When Jones was 6, his parents sent him to Sisters of the Blessed Sacrament for Indians and Colored People, a Catholic boarding school in Cornwell Heights, Pa. “I was raised by these Catholic nuns,” remembers Jones. “If I had been in a public school in New Jersey at that time, it would have been segregated. This was different. The nuns grounded me in Latin and English grammar. I can still remember going to the chalkboard in the front of the classroom and diagramming a sentence. And, of course, I became a Catholic. I was an altar boy and went to midnight Mass.”

When he was 15, Jones’ parents secured a home of their own, so he returned to Riverton. At Palmyra H.S., he graduated near the top of his class, was selected as class speaker at graduation and was president of the Honor Society. “I was also voted the ‘Person Most Likely to Succeed’ and the ‘Most Outstanding Student.’ There’s a picture of me in the class yearbook next to a globe that says ‘Tomorrow, the World.’ ”

There was one problem about conquering the world: Jones was too poor to go to college.

“Columbia will always be special in my heart because of what Dean Coleman, the professors and my friends did for me when my mother was sick. ”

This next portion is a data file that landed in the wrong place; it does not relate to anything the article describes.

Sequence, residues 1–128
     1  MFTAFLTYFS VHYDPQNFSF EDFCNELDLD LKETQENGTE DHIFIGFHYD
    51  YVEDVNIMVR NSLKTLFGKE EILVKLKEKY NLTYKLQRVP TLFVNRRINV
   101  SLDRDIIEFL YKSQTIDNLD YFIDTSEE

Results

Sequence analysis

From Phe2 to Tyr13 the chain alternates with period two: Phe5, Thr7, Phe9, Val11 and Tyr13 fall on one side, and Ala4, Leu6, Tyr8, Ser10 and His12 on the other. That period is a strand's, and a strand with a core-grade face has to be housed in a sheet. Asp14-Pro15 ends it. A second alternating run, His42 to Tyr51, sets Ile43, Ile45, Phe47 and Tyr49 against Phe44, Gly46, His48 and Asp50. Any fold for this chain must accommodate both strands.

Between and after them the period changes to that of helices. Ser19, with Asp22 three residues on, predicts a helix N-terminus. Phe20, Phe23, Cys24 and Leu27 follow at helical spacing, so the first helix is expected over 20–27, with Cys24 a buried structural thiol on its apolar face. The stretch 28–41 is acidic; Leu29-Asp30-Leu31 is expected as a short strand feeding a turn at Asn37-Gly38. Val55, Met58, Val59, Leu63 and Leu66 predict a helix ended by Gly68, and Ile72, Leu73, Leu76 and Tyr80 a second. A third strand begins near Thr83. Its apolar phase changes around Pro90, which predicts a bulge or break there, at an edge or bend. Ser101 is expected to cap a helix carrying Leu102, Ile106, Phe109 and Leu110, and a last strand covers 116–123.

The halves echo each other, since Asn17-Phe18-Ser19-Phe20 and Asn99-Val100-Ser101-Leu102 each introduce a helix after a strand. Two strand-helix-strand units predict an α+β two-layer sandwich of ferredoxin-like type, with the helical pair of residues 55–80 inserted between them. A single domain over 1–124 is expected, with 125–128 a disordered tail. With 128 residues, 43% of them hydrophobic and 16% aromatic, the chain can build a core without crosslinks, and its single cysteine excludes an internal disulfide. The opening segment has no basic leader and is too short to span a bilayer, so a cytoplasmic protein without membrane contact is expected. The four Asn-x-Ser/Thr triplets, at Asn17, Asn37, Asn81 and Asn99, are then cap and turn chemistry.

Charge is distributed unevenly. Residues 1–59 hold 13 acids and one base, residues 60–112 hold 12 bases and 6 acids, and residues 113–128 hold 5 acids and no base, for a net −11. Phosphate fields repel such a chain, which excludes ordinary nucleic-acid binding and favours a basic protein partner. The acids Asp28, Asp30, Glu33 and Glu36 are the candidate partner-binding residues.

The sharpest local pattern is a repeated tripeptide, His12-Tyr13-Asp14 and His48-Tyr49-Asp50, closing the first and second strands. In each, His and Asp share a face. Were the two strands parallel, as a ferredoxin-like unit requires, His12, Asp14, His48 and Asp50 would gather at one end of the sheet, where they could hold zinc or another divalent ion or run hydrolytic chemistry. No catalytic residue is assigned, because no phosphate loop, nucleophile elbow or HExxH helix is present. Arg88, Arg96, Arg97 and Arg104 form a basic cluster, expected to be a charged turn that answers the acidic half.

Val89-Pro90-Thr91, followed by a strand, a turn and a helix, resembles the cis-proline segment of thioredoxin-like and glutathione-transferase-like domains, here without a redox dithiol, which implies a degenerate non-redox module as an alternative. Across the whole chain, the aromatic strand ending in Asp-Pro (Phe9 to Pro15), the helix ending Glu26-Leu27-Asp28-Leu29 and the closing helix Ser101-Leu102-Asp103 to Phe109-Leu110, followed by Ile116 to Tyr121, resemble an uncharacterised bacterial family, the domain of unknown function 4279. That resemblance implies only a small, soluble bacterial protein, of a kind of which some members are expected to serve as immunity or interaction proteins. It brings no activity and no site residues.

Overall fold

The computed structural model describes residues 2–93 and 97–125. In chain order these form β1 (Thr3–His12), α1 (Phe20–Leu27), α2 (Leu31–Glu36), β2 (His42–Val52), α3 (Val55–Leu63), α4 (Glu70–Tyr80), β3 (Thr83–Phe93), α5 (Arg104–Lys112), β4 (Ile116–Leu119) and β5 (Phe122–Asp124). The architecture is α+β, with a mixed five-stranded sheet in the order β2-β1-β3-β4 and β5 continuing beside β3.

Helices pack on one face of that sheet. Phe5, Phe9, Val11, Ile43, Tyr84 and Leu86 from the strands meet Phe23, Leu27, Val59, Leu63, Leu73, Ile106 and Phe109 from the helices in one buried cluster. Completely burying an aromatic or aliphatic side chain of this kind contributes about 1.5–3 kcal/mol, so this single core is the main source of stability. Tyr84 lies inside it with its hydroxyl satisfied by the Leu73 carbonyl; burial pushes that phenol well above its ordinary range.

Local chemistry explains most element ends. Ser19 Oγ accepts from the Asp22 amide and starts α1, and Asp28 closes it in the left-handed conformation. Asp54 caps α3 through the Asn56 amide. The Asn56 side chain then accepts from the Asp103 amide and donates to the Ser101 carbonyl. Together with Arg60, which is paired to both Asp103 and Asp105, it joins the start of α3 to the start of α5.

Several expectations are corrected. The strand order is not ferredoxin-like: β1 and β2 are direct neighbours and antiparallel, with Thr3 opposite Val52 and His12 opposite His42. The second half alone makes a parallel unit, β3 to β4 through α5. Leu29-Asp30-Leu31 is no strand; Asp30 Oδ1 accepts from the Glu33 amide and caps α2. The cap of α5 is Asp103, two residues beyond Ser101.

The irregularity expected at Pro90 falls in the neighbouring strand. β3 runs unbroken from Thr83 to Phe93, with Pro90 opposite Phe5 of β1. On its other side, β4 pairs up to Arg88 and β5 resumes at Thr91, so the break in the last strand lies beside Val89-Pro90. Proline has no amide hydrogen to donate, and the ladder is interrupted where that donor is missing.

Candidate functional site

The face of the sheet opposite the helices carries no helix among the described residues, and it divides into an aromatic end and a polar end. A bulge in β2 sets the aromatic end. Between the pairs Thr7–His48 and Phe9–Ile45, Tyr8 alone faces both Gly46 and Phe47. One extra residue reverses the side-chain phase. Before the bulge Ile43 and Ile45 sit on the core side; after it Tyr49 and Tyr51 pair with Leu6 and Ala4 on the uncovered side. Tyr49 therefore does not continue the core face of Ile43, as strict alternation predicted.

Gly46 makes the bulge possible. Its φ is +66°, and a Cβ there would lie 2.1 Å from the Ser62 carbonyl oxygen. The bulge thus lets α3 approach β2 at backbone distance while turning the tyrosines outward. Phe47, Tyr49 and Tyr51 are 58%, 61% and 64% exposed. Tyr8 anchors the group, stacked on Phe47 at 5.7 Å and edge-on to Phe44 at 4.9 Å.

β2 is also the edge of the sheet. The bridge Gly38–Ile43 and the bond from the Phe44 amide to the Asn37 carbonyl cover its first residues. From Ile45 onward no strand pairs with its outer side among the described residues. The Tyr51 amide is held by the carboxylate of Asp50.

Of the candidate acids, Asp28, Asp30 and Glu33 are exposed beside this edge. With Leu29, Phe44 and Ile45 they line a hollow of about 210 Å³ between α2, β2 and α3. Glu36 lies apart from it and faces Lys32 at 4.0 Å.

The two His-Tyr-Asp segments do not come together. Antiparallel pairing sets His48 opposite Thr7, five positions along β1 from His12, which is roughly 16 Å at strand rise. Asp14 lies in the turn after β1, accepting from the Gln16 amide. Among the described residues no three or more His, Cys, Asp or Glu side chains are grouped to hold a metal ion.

Instead, he enlisted in the Navy at the beginning of his senior year of high school, thinking that the Navy would pay for his education. But his misrepresentation of his age was discovered by the recruiting officer. “My principal went bananas. He then got some of my teachers together — I remember specifically my science and speech teachers — and they raised some money for my college applications. They sent away for the applications: University of Pennsylvania, Columbia, Syracuse, Yale and Princeton. I was able to get into all of these schools. Syracuse offered me a music scholarship, but Columbia gave me the most financial assistance. That’s how I ended up selecting Columbia.”

When he got to Morningside Heights in fall 1949, the 17-year-old Jones was one of a handful of African-American students. “The College had about 3,300 students, and there were very few African-Americans. And I had nothing in common with them — they were all middle class, the sons of lawyers, doctors, a university president.”